The main center of activity from 1968 to 1972 for [lastfm link_type="artist_info"]The Doors[/lastfm]‘ business, recording and rehearsing was located at 8512 Santa Monica Blvd. in West Hollywood. This is where manager Bill Siddons ran the day to day operations. The recording and rehearsal space in that office was called “The Doors Workshop.”
[photogallerylink id=81134 align=right]The entire album L.A. Woman was recorded here on an eight-track tape deck by Bruce Botnick as co-producer with The Doors. Morrison set up his vocals in a bathroom to utilize the room’s natural reverb.
Most of the tracks were recorded live, except for a few overdubbed keyboard parts by [lastfm link_type="artist_info"]Ray Manzerek[/lastfm]. Jerry Scheff, [lastfm link_type="artist_info"]Elvis Presley[/lastfm]‘s bass player, was brought in to play bass.
Frequently, a young man named Danny Sugerman would hang around outside the studio, listening to the band rehearse. Eventually, [lastfm link_type="artist_info"]Jim Morrison[/lastfm] invited him in to help answer fan mail. Sugarman went on to become the band’s manager after Morrison’s death in 1971, replacing Siddons. He wrote several books about The Doors, including No One Here Gets Out Alive and Wonderland Avenue. He died in 2005 after a long struggle with lung cancer.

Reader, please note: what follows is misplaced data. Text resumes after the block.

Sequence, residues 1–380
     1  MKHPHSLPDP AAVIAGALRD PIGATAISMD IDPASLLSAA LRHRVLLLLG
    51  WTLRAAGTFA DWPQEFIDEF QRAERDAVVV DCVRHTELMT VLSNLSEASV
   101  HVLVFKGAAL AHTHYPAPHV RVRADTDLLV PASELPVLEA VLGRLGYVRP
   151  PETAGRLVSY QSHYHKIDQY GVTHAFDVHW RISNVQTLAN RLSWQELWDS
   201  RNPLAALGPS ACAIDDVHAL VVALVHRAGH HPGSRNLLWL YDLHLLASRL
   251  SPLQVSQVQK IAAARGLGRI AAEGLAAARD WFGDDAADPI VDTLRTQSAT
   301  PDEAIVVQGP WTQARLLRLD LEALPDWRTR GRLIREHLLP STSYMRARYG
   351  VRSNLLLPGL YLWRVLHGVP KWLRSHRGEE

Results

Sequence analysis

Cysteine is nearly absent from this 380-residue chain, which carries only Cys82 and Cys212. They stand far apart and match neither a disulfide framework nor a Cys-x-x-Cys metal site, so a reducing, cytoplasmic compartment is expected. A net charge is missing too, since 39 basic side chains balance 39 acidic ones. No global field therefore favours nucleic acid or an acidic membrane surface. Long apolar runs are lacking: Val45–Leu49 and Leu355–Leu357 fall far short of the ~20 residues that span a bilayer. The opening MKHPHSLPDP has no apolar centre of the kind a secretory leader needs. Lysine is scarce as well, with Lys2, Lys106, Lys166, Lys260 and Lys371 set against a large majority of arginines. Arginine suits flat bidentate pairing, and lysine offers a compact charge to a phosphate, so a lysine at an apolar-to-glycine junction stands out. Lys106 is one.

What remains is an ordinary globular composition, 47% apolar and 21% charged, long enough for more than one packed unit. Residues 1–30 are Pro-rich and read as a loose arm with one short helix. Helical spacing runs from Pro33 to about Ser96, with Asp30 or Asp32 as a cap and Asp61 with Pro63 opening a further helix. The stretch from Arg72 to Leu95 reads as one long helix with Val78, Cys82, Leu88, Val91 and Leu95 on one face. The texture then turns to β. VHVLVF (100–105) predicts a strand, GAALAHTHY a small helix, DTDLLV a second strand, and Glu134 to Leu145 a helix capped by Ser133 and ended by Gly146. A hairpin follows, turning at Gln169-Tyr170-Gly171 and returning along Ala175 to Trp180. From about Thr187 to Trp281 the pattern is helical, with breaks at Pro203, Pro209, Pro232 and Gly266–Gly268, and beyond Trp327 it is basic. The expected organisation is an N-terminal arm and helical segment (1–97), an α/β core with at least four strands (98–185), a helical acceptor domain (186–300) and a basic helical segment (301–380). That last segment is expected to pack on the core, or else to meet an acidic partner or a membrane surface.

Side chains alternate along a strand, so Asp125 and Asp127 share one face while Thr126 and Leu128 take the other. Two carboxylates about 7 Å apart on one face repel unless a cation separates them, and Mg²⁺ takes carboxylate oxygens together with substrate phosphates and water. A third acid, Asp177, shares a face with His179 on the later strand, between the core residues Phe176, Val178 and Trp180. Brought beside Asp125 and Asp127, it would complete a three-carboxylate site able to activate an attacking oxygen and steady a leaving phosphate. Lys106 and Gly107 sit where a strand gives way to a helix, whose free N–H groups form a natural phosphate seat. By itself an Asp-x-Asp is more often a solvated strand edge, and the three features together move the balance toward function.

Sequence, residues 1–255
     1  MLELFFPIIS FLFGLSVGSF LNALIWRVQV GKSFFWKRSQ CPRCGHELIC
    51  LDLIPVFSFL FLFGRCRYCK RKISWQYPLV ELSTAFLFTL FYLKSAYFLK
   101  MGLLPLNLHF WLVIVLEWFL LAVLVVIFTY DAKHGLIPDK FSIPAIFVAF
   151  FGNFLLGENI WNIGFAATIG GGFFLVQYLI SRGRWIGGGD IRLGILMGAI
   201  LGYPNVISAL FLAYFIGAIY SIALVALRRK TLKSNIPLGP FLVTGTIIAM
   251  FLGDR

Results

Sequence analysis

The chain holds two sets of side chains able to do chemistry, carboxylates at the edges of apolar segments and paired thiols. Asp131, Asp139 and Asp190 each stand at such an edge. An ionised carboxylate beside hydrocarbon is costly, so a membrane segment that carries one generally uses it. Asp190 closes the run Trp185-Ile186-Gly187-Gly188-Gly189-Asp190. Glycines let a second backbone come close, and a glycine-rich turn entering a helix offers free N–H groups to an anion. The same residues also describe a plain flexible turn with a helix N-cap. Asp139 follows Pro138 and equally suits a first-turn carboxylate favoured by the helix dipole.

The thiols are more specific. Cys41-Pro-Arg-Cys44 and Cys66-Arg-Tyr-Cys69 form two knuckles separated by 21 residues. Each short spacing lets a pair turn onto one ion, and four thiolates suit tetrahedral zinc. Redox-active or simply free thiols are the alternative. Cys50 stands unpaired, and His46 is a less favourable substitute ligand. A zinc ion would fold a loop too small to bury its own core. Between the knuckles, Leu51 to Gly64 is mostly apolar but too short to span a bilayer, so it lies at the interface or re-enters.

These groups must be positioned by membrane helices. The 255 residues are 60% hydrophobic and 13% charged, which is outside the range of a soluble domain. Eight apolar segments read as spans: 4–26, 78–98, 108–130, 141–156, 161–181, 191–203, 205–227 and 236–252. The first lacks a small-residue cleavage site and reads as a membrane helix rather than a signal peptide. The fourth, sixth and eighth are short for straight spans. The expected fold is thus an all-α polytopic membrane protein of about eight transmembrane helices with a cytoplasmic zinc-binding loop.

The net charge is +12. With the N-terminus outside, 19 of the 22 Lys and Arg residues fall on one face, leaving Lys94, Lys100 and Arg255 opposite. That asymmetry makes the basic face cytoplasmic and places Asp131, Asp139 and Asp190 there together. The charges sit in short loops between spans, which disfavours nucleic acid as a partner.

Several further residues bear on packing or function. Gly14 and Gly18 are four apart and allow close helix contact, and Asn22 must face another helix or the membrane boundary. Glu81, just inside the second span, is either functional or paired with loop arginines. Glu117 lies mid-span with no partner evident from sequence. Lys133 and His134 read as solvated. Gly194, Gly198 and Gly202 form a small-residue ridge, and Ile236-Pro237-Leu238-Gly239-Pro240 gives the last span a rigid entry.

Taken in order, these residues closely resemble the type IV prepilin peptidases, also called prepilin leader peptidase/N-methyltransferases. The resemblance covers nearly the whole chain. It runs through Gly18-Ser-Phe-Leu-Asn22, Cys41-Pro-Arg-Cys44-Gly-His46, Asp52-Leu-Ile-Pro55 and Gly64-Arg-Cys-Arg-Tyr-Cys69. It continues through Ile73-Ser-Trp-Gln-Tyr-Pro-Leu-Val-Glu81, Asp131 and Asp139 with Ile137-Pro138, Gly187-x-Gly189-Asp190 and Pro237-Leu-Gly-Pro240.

Formerly an antique store, this legendary space went through many more renovations and ownerships over the years. As of July, 2011, the space was closed for visiting.
[lastfm link_type="artist_info"]Ray Manzerek[/lastfm] and [lastfm link_type="artist_info"]Robby Krieger[/lastfm] performing “L.A. Woman” live at OC Fair, California, August 5, 2011, with Dave Brock of the Doors tribute band, “Wild Child.”
See Doors Guide to Los Angeles for great info about “Doors Spots” in Los Angeles.